This dairy-free chocolate cake is ultra-rich, moist and chocolaty! It doesn’t use any specialty ingredients and can be made with all-purpose, gluten-free or whole wheat flours. It’s also easy to make vegan!
If you don’t need your cake to be dairy-free, don’t worry – this cake doesn’t have any unusual ingredients. Just use regular milk instead of dairy-free milk! That is the only thing needed to make this cake dairy-free.
This is the same cake as my Halloween cake with eyeballs, but because it’s not Halloween season, and it seems as if most people were disgusted by it according to a poll I did on Instagram, I made a pretty design this time without any gross decorations.
This cake is too delicious to just have it seen around Halloween. It has the perfect chocolate flavor and is so insanely moist.
Plus, I thought it’d be perfect for Valentine’s Day!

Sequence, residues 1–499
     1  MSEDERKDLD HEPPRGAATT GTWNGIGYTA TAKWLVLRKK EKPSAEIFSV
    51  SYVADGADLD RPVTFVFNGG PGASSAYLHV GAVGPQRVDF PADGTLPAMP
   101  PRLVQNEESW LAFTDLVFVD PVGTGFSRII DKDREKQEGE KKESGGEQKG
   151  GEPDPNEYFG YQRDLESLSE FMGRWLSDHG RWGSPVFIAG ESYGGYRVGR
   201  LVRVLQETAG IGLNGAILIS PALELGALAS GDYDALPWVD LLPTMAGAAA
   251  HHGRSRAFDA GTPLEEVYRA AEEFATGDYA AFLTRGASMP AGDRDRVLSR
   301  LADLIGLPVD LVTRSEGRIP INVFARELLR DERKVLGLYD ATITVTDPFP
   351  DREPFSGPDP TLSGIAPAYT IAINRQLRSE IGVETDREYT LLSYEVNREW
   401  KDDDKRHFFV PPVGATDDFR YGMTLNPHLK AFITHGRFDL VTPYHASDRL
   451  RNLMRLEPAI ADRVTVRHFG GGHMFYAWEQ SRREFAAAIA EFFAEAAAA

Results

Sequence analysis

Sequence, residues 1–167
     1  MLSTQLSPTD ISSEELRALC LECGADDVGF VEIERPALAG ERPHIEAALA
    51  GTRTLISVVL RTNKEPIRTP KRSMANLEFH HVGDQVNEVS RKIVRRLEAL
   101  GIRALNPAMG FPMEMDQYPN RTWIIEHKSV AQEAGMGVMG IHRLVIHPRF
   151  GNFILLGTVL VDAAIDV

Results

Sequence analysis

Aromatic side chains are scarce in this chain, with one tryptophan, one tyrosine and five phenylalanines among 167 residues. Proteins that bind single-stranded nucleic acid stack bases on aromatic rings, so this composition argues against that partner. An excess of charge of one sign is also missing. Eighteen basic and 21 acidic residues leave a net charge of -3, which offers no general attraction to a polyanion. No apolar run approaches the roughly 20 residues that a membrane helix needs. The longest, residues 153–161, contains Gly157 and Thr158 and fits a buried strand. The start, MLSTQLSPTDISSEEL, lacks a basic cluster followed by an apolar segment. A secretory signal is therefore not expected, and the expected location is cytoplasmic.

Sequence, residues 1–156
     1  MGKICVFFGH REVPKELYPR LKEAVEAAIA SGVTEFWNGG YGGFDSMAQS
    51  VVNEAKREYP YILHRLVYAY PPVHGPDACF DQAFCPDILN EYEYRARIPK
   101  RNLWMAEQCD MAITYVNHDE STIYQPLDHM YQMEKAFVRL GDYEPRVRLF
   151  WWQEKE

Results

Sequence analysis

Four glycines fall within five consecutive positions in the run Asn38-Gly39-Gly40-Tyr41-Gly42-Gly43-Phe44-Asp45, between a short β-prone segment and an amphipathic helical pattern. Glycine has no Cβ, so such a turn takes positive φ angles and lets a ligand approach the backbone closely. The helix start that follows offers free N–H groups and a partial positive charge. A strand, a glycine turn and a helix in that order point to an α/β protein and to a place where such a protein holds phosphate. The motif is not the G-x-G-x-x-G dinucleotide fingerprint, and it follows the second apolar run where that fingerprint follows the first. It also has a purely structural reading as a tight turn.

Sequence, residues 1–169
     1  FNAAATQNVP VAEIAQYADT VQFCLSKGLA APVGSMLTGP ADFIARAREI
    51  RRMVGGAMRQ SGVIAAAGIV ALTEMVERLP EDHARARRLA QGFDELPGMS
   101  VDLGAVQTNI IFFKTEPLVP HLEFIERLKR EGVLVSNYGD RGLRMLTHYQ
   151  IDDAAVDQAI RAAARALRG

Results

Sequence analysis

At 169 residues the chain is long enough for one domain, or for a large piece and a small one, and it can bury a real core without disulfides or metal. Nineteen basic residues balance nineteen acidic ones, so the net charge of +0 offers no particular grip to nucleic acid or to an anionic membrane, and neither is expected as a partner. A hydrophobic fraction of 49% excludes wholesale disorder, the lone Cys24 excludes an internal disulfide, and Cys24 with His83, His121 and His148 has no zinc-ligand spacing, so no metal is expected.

This has been my go-to chocolate cake for 15 years. I’ve tried top-ranking chocolate cake recipes, just because I was curious if there’s one better than this, but this one always comes out the winner.
If you’re telling yourself that you don’t need a whole 8″ cake for just the two of you, I’d recommend making the whole thing, anyway, and freezing what you don’t want to eat within a few days. It freezes great, even with the frosting on it.
And it’s not actually that big of a big cake. I know it looks like it, though.
The amount of frosting is indeed a lot. In everyday life (so when I’m not posting a recipe on the internet), when making this cake, I never frost the sides. The cake doesn’t really need it, and it’s sweet enough without.